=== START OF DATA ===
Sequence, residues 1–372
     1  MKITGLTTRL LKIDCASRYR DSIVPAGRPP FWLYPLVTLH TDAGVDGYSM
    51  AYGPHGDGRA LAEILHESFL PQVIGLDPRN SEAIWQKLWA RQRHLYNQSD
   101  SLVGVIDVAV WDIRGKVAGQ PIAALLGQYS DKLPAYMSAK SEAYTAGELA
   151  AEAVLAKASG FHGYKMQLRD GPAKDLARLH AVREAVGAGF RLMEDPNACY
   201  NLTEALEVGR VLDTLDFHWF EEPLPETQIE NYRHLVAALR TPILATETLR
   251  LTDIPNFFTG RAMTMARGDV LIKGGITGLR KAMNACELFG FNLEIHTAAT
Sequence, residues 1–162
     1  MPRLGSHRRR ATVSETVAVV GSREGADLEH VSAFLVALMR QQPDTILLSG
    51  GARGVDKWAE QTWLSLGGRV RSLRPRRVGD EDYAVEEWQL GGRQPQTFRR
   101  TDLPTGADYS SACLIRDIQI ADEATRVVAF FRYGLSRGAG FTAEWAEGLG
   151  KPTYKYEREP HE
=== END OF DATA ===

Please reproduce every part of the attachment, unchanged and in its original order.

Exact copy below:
Sequence, residues 1–372
     1  MKITGLTTRL LKIDCASRYR DSIVPAGRPP FWLYPLVTLH TDAGVDGYSM
    51  AYGPHGDGRA LAEILHESFL PQVIGLDPRN SEAIWQKLWA RQRHLYNQSD
   101  SLVGVIDVAV WDIRGKVAGQ PIAALLGQYS DKLPAYMSAK SEAYTAGELA
   151  AEAVLAKASG FHGYKMQLRD GPAKDLARLH AVREAVGAGF RLMEDPNACY
   201  NLTEALEVGR VLDTLDFHWF EEPLPETQIE NYRHLVAALR TPILATETLR
   251  LTDIPNFFTG RAMTMARGDV LIKGGITGLR KAMNACELFG FNLEIHTAAT
Sequence, residues 1–162
     1  MPRLGSHRRR ATVSETVAVV GSREGADLEH VSAFLVALMR QQPDTILLSG
    51  GARGVDKWAE QTWLSLGGRV RSLRPRRVGD EDYAVEEWQL GGRQPQTFRR
   101  TDLPTGADYS SACLIRDIQI ADEATRVVAF FRYGLSRGAG FTAEWAEGLG
   151  KPTYKYEREP HE